Teddy Moore, Plaintiff-appellant-cross-appellee, v. Time, Inc., Defendant-appellee-cross-appellant,elizabeth Matthews, Defendant, 180 F.3d 463 (2d Cir. 1999)Annotate this Case
Appeal from an order of the United States District Court for the Eastern District of New York (Edward R. Korman, Judge) dismissing appellant's complaint for lack of subject matter jurisdiction and denying both parties' motions for sanctions under Fed. R. Civ. P. 11. We affirm substantially for the reasons stated by the district court. In addition, we grant appellee's motion for sanctions pursuant to Fed. R. App. P. 38.
TEDDY I. MOORE, Esq., pro se, Flushing, New York, for Plaintiff-Appellant-Cross-Appellee.
PAUL G. GARDEPHE, Deputy General Counsel, Time Inc., New York, New York, for Defendant-Appellee-Cross-Appellant.
Before: WINTER, Chief Judge, and OAKES, Circuit Judge.*
Teddy Moore, an attorney appearing pro se, appeals from Judge Korman's dismissal of his complaint for lack of either federal question or diversity jurisdiction and denying his motion under Rule 11 for sanctions against Time, Inc. Time cross-appeals Judge Korman's decision to deny its motion for sanctions against appellant, and both parties move for appellate sanctions pursuant to Fed. R. App. P. 38. We affirm on the appeal and cross-appeal for substantially the reasons stated by the district court, see Moore v. Time Inc., 98-CV-3886 (ERK) (E.D.N.Y. Oct. 30, 1998) (adopting report of Magistrate Judge Gold), and deny Moore's motion for Rule 38 sanctions.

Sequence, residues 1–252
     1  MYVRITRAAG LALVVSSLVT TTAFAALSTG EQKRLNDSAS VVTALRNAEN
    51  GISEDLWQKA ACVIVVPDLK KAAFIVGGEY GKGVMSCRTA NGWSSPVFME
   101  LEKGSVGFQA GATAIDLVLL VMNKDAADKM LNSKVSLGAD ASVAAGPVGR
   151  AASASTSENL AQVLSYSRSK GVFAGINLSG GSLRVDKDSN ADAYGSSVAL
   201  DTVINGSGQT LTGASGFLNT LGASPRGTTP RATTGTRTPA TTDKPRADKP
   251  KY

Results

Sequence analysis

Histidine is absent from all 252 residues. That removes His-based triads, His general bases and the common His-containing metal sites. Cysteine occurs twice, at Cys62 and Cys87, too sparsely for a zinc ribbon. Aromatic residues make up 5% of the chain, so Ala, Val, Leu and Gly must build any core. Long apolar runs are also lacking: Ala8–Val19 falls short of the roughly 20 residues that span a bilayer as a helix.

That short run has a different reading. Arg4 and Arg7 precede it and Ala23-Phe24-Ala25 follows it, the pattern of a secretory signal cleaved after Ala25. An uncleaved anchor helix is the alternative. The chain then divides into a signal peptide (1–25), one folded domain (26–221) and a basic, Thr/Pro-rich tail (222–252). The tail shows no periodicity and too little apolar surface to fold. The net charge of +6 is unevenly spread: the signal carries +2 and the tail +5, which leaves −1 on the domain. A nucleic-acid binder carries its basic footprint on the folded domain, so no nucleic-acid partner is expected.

In addition, we also grant Time's motion for Rule 38 sanctions against Moore. Moore pursued this appeal despite Magistrate Judge Gold's strong admonition that his complaint presented no non-frivolous claims. Indeed, the district court stated its belief that Moore's conduct may have violated Rule 11 but declined to impose sanctions thereunder based in part upon its impression of Moore as "not sophisticated." Moore v. Time Inc., CV-98-3886 (ERK), at 5 (E.D.N.Y. Oct. 6, 1998) (Report and Recommendation of Magistrate Judy Gold). Despite this clear warning, Moore pressed on. His appellate brief leaves the reader "without a hint of the legal theory proposed as a basis for reversal." Ernst Haas Studio, Inc. v. Palm Press, Inc., 164 F.3d 110, 112 (2d Cir. 1999) (per curiam). It cites no case law to support his argument and surely fails to satisfy Rule 28's requirement that it contain "the contentions of the appellant on the issues presented, and the reasons therefor, with citations to the authorities, statutes, and parts of the record relied on." Fed. R. App. P. 28(a) (6); Ernst Haas Studio, 164 F.3d at 112. Particularly in light of the fact that this is not the first frivolous appeal Moore has brought to this court, see Hoffman v. City of New York, No. 98-7758, 1999 WL 66158 (2d Cir. Feb.10, 1999), we believe an award of sanctions is necessary to deter future frivolous appeals. We therefore order as a sanction pursuant to Rule 38 an award of $1000 in attorneys fees as well as double costs. See Fed. R. App. P. 38 (court of appeals may award "just damages and single or double costs to the appellee").
Judge Sack, who was originally a member of the panel, recused himself after submission of the appeal. The appeal is being decided by the remaining two members of the panel who are in agreement. See 2d Cir. R. § 0.14(b)